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Mon, Feb 13, 2017, noon:
Daniel Almirall, "Getting SMART about adaptive interventions"

Investigating the Impact of Selection Bias in Dose-Response Analyses of Preventive Interventions

Publication Abstract

McGowan, H.M., R.L. Nix, Susan A. Murphy, and K.L. Bierman. 2010. "Investigating the Impact of Selection Bias in Dose-Response Analyses of Preventive Interventions." Prevention Science, 11(3): 239-251.

This paper focuses on the impact of selection bias in the context of extended, community-based prevention trials that attempt to "unpack" intervention effects and analyze mechanisms of change. Relying on dose-response analyses as the most general form of such efforts, this study provides two examples of how selection bias can affect the estimation of treatment effects. In Example 1, we describe an actual intervention in which selection bias was believed to influence the dose-response relation of an adaptive component in a preventive intervention for young children with severe behavior problems. In Example 2, we conduct a series of Monte Carlo simulations to illustrate just how severely selection bias can affect estimates in a dose-response analysis when the factors that affect dose are not recorded. We also assess the extent to which selection bias is ameliorated by the use of pretreatment covariates. We examine the implications of these examples and review trial design, data collection, and data analysis factors that can reduce selection bias in efforts to understand how preventive interventions have the effects they do.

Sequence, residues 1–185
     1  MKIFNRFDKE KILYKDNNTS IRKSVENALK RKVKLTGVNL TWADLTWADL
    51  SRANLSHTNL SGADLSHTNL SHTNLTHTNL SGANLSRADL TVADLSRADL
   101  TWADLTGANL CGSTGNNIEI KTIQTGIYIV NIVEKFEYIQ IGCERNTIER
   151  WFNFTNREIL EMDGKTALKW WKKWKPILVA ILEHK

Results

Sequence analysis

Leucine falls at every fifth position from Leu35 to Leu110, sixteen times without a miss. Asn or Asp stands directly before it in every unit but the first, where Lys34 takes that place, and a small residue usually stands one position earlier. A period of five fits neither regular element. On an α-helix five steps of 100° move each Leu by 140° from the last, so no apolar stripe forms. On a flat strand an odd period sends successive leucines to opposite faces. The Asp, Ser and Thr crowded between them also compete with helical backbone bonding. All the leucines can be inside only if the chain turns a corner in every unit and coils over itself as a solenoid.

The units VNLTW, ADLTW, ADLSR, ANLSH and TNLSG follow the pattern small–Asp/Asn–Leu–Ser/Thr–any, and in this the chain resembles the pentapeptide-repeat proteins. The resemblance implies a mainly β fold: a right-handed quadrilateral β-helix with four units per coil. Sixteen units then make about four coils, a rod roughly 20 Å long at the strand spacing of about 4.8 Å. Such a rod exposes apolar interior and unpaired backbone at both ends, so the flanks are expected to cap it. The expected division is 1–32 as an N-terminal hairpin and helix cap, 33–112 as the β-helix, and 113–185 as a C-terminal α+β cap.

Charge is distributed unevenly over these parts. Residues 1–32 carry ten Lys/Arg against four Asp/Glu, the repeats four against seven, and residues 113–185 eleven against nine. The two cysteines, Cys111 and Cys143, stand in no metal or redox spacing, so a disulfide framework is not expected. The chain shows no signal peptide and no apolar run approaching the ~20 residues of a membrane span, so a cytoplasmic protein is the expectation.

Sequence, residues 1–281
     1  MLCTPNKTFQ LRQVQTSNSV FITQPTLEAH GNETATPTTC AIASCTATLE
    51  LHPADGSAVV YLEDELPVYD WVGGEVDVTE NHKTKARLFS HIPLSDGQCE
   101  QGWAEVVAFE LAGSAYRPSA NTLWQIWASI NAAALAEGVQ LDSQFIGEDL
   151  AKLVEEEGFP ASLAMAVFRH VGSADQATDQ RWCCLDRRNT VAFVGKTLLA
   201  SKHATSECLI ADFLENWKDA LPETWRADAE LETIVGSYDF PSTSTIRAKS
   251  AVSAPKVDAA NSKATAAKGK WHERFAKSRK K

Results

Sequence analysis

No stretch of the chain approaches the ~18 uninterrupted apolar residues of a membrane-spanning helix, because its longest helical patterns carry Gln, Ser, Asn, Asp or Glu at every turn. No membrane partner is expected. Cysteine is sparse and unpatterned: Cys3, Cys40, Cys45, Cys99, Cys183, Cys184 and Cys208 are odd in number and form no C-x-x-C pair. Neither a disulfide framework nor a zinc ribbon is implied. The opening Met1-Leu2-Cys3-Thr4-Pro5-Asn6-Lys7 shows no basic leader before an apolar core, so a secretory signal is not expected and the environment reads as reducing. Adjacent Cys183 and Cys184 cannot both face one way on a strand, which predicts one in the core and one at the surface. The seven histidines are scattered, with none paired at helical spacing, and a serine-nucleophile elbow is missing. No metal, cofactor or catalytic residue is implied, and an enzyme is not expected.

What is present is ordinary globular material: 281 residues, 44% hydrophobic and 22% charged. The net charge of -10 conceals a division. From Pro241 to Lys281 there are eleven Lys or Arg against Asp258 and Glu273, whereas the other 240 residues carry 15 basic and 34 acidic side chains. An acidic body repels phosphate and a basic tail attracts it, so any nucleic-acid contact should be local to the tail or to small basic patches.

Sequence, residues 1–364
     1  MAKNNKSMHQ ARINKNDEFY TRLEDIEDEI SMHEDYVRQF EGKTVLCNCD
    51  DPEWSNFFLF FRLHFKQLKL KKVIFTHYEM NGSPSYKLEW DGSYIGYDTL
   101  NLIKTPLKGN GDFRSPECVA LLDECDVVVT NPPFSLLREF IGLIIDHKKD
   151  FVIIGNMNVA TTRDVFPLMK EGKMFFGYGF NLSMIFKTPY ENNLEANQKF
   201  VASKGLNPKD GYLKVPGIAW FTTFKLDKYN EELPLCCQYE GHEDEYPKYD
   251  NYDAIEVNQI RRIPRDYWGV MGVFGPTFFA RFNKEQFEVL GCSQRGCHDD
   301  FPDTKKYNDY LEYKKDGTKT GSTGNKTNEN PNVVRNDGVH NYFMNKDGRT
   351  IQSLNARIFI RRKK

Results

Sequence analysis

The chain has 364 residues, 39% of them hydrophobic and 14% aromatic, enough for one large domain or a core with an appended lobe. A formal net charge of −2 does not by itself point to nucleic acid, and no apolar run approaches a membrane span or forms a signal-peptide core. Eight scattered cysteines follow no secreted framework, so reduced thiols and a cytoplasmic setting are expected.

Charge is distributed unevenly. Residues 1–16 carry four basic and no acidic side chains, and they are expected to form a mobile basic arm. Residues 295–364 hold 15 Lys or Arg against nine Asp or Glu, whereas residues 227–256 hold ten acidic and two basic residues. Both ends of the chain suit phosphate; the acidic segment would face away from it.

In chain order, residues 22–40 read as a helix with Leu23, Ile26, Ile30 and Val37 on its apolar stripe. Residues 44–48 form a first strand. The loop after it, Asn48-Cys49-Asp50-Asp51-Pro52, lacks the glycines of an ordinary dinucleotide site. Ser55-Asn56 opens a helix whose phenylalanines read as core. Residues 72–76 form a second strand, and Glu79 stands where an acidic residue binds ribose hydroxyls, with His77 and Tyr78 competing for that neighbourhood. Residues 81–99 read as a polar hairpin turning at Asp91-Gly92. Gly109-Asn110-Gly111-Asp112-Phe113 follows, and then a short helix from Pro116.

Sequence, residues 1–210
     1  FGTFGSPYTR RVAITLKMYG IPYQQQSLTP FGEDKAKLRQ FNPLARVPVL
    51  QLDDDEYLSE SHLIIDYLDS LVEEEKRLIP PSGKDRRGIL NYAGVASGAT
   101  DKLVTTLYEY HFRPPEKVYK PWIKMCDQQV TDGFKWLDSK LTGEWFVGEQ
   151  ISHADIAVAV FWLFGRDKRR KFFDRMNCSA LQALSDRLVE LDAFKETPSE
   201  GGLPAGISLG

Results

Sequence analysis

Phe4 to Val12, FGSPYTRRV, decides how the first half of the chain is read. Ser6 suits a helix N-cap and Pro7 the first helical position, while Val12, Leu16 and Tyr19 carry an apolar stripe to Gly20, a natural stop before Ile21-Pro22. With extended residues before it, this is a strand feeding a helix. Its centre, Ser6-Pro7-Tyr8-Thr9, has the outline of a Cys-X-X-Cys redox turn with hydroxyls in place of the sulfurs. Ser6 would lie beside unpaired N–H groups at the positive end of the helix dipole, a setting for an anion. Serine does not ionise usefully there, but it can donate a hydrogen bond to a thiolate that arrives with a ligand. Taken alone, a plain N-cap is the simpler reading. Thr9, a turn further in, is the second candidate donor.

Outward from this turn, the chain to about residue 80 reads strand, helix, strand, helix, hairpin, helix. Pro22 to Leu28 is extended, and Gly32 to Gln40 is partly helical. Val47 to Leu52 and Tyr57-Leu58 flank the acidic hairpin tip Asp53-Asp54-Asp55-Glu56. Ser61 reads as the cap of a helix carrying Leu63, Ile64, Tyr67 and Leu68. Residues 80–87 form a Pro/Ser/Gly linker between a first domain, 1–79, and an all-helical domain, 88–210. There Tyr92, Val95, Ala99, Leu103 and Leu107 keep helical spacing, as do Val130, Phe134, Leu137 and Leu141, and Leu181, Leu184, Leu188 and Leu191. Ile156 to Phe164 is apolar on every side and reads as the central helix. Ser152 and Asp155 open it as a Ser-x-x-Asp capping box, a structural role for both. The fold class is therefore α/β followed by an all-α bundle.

DOI:10.1007/s11121-010-0169-2 (Full Text)

PMCID: PMC3044506. (Pub Med Central)

Country of focus: United States of America.

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